Happy New Year to all!

I’m back from a week of vacation. My apologies for recent feature-and-bug turgidity. Abby, Chris and I are tanned, rested and ready.*

December was a banner month. PC Magazine named us one of the web’s top five web services.** Members added over 1,175,000 books—the most ever! We also recorded our highest number of paid memberships, even excluding gift memberships, which were very sought after in the days before Christmas. And we sent out a record number of CueCat barcode scanners. (Although, we don’t make much money off them, they seem to have sped book entry.) With new features on the cusp of release, a major expansion planned, an employee-hunt is in the works, and continued, accelerating growth, 2007 is looking very bright indeed!

The New Year seems like good occassion to plug the recently-released New-Year-related comic novel The End as I Know It: A Novel of Millennial Anxiety by Kevin Shay. Shay (website), a high-school friend of mine***, has the distinction of writing for both Tim O’Reilly and Dave Eggers, appearing in Google Hacks and in various McSweeney’s collections including, as an editor, Created in darkness by troubled Americans. Here a review by the L.A. Times, and here’s the flap copy:

It’s 1998. Or, as Randall Knight sees it, Y2K minus two. Randall, a twenty-five-year-old children’s singer and puppeteer, has discovered the clock is ticking toward a worldwide technological cataclysm. But he may still be able to save his loved ones—if he can convince them to prepare for the looming catastrophe. That’s why he’s quit his job, moved into his car, and set out to sound the alarm.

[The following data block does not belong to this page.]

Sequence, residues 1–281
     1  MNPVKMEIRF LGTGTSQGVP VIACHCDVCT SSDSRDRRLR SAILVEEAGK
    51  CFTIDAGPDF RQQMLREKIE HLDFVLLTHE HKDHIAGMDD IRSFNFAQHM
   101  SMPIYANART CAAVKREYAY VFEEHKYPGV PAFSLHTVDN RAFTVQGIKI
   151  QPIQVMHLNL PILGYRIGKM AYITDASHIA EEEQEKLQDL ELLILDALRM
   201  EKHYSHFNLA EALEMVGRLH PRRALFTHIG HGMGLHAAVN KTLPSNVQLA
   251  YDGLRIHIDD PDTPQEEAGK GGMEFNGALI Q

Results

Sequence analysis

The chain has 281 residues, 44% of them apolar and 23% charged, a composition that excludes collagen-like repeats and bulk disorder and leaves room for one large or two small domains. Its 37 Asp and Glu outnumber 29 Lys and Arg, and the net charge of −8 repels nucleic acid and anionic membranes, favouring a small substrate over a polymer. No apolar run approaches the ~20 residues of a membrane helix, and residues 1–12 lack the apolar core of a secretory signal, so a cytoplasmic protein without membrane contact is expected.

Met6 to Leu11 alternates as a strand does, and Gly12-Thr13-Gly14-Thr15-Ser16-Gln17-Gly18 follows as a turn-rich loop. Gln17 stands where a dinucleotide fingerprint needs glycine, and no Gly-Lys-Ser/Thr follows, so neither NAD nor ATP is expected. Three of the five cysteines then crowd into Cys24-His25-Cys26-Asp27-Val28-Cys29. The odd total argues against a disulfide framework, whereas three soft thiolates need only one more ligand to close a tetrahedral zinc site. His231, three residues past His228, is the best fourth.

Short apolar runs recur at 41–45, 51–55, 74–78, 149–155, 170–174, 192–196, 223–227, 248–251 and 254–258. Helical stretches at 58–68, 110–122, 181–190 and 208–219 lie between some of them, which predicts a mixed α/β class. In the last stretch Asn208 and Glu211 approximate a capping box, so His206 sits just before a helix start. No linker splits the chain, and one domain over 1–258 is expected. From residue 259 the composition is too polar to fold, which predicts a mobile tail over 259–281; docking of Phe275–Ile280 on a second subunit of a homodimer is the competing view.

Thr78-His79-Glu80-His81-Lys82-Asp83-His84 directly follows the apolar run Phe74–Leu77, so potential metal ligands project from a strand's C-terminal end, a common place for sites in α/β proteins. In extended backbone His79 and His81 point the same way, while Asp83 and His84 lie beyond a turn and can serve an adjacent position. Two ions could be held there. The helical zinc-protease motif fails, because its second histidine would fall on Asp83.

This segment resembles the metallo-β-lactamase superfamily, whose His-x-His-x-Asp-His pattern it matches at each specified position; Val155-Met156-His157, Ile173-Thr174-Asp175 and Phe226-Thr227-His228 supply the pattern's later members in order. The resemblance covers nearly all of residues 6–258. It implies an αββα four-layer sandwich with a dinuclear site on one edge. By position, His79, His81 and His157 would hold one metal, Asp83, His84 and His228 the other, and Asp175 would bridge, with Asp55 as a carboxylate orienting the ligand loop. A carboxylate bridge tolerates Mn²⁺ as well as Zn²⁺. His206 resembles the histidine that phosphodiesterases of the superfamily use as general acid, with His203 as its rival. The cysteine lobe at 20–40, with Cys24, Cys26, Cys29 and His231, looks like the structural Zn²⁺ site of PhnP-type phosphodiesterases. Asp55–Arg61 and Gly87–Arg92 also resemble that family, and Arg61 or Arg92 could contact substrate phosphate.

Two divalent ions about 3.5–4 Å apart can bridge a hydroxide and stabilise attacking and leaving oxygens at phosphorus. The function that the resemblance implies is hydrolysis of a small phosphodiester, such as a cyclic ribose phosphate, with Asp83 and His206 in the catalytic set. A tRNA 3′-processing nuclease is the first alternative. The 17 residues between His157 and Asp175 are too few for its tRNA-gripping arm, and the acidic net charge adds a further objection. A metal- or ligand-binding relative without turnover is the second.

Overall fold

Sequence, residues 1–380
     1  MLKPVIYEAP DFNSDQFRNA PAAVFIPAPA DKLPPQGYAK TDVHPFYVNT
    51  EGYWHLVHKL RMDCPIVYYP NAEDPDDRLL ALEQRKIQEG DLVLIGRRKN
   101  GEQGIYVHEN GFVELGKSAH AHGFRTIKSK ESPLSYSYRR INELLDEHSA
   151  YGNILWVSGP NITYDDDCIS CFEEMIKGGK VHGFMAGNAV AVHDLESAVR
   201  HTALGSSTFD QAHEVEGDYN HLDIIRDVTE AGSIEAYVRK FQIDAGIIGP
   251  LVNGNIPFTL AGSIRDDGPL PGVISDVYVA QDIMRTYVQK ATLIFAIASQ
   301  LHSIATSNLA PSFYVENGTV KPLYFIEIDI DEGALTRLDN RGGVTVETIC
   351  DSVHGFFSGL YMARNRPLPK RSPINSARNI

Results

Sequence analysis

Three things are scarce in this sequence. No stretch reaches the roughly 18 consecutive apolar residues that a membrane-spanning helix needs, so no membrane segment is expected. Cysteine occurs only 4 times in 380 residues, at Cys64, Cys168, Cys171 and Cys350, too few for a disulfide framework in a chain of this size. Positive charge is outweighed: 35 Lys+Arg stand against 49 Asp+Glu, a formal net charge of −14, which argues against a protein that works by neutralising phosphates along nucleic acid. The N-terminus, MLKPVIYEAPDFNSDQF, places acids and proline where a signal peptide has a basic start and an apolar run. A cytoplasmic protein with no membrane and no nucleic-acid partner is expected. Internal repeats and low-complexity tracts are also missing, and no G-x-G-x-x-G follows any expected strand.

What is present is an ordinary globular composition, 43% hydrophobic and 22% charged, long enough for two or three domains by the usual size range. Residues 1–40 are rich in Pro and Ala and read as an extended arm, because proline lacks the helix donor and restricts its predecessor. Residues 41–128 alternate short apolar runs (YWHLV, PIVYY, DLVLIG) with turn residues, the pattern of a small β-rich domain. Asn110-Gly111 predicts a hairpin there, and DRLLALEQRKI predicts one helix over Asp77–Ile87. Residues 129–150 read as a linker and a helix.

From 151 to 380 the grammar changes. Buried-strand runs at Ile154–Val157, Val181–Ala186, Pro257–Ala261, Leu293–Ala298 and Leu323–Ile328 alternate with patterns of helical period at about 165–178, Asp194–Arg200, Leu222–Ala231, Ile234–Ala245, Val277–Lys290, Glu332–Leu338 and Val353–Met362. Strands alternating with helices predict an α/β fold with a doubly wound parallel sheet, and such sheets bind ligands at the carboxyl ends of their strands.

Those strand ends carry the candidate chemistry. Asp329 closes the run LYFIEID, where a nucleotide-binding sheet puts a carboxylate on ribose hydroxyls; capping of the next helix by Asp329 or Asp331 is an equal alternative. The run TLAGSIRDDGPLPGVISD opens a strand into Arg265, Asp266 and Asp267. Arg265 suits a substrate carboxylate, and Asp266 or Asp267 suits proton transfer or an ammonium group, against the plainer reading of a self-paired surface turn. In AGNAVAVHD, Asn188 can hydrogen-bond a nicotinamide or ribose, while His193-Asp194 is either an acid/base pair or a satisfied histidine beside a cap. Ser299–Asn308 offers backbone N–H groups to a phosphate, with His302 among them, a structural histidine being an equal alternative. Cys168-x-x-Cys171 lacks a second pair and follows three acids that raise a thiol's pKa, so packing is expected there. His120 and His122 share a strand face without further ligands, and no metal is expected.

The End as I Know It follows Randall on his coast-to-coast Cassandra tour. His itinerary includes the elementary schools that have booked him as a guest performer and the friends and relatives he must awaken to the crisis. When nobody will heed his warning, Randall spirals into despair and self-destruction as he races from one futile visit to the next. At the end of his rope, he lands with a family of newly minted survivalists in rural Texas. There, he meets a woman who might help him transcend his millennial fears and build a new life out of the shards of his old one.

So, cheers and thanks to all. I am excited to be part of what you are creating, and looking foward to doing what I can to make it better for you.

* … and tipsy, but I digress.
**And then turned around and asked $750 for the right to show the award logo. $750? That’s 75 year’s memberships! We turned them down. I suspect our fellow best-of-year services, iTunes and Skype did not.
***I programmed my first large-scale project with Kevin, a Zork-ish text-adventure set in a museum that has come alive.****
****Now made into a major motion picture starring Ben Stiller. As we never released the program, and I’ve never spoken of it, Kevin must have blabbed.

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Friday, December 29th, 2006

Merry belated Christmas and thanks for the votes

Merry Christmas from all of us here at LibraryThing! Now that I’m full of good food and family visting, it’s time to get to the bookpiles.

We didn’t get that many entries* in the Christmas bookpile contest, but this one was a clear winner. Great work, thelee!** My tree wasn’t as poetic looking as this one, that’s for sure. I particularly like how warm the light is – and a bookpile that goes from Leaves of Grass to The American Catholic Experience to Paradise Lost to Lonely Planet British Columbia, of course! As the photo caption aptly says,